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Employment and the coronavirus

Employment and the coronavirus

Employment and the coronavirus – What are the facts? What do employers and employees need to know ?

The coronavirus (COVID-19) is currently at the forefront of the worldwide media, and the vast amount of uncertainty it is providing for the masses is causing huge concern.

The Advisory, Conciliation and Arbitration Service (‘ACAS’) has recently issued guidance to both employers and employees in the event the virus becomes widespread across the UK.

Employers

Employers are being advised to:

  • Keep everyone updated on actions being taken to reduce risks of exposure in the workplace
  • Make sure all employees’ contact numbers and emergency contact details are up to date
  • Ensure all managers know how to spot symptoms of coronavirus and are clear on any relevant processes, for example sickness reporting and sick pay, and procedures in case someone in the workplace develops the virus
  • Make sure there are clean places to wash hands with hot water and soap, and encourage everyone to wash their hands regularly
  • Provide hand sanitiser and tissues to staff, and encourage them to use them
  • Consider if protective face masks might help for people working in particularly vulnerable situations
  • Consider if any travel planned to affected areas is essential

Employers must not single anyone out. For example, they must not treat an employee differently because of their race or ethnicity.

If an employee is not sick but as an employer you make the decision to tell them not to come to work, the employee should receive their usual pay. For example, if an employee has returned from an affected country or another affected area, an employer may request that the employee does not come into work for a quarantine period of 14 days.

It is extremely unlikely that you will need to close your place of work. But it would be wise to formulate a plan. Employers may, to minimise the impact, allow people to work from home using laptops or computers or for those employers who are accustomed to paperwork can arrange for paper-based tasks to be completed at home.

Employers may have no option but to close their business for a period of time. Unless it says in the contract or is agreed otherwise, employers still need to pay their employees for this time.

If as an employer you have to close the business temporarily you should discuss this with your employees as early as possible.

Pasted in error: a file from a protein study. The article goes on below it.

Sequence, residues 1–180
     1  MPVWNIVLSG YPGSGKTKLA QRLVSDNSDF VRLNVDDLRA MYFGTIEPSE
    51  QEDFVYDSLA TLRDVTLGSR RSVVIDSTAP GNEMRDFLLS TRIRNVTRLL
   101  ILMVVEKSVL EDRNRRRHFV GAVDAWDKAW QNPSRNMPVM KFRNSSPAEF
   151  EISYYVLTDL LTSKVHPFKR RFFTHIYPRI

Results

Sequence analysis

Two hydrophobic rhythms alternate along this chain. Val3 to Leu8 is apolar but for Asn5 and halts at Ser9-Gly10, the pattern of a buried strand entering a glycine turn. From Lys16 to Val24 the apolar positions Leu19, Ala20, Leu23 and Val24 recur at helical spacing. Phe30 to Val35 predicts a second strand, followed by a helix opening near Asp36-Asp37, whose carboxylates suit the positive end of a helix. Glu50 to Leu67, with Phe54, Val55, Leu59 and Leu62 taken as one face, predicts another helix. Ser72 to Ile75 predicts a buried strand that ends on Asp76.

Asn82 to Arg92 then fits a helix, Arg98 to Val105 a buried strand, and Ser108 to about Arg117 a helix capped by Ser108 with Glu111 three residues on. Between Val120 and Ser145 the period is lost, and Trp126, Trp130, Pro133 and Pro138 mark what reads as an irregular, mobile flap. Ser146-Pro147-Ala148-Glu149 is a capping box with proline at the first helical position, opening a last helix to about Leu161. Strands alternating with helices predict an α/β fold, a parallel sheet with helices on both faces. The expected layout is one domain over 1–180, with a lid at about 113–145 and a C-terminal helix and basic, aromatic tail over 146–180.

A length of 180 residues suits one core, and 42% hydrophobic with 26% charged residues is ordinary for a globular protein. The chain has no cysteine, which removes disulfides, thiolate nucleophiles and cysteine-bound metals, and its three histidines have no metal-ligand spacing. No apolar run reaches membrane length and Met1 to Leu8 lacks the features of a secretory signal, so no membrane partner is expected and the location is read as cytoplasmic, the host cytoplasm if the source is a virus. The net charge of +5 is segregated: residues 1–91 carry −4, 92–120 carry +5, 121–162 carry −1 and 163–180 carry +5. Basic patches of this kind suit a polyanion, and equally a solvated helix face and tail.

Employees

As an employee you must tell your employer as soon as possible if you cannot attend work. You should tell your employer the reason for your absence and give an estimate of to how long you will likely to be absent from work.

Sick pay

The workplace’s usual sick leave and pay entitlements apply if someone has coronavirus. Employees should let their employer know as soon as possible if they’re not able to go to work.

Self-isolation – what happens now?

The government has already provided advice in relation to self-isolation. If the NHS 111 or a doctor advises an employee or worker to self-isolate, they will be entitled to statutory sick pay (SSP). Some employers offer contractual sick pay, which is more generous than SSP.

Caring for someone affected

All employees are entitled to time off work to help someone who depends on them in an excepted event or emergency, such as the coronavirus.

For example:

  • If an employee has children they need to look after or arrange childcare because their school has closed
  • To help their child or another dependant if they’re sick, or need to go into isolation or hospital

It is worth remembering that there is no statutory right to pay for this time off, but some employers might offer pay depending on the contract or the general workplace policy.

Employees must remember that the amount of time off you take to care for a dependant must be reasonable. For example, your employer may agree to 5 days off to start with, and if more time is required you may be asked to use some of your annual holiday entitlement.

Too scared to work – where do I stand? 

The constant bombardment in the media can cause enormous worry for some, to the point that regardless of medical advice you may not want to go to work in case you contract coronavirus.

Employers should listen to any concerns the staff may have. Employers have a duty to to protect the health and safety of their employees. Employers should consider alternatives to requiring employees to attend the office e.g. working from home.

Alternatively, employers may wish to consider allowing their employees to take unpaid leave, though this would be at the discretion of the individual employer.

If an employee outright refuses to attend work, this could result in disciplinary action being taken which could ultimately result in dismissal.

A colleague becomes unwell with suspected coronavirus!

If a colleague becomes unwell and they have recently returned from an affected area, they should:

  • Get at least 2 metres away from other employees
  • Go to a room or area behind a closed door
  • Avoid touching anything
  • Cough or sneeze into a tissue and put it in a bin, or if they do not have tissues, cough and sneeze into the crook of their elbow
  • Use a separate bathroom from others, if possible

My colleague has coronavirus 

If someone comes to work with coronavirus, the workplace does not necessarily have to close.

The local Public Health England protection team will get in contact with the employer to:

  • Discuss the case
  • Identify people who have been in contact with the affected person
  • Carry out a risk assessment
  • Advise on any actions or precautions to take

We hope the above information will be of assistance. For more detailed advice, please contact our employment team on 0151 480 5777 or email us at employment@levinslaw.co.uk

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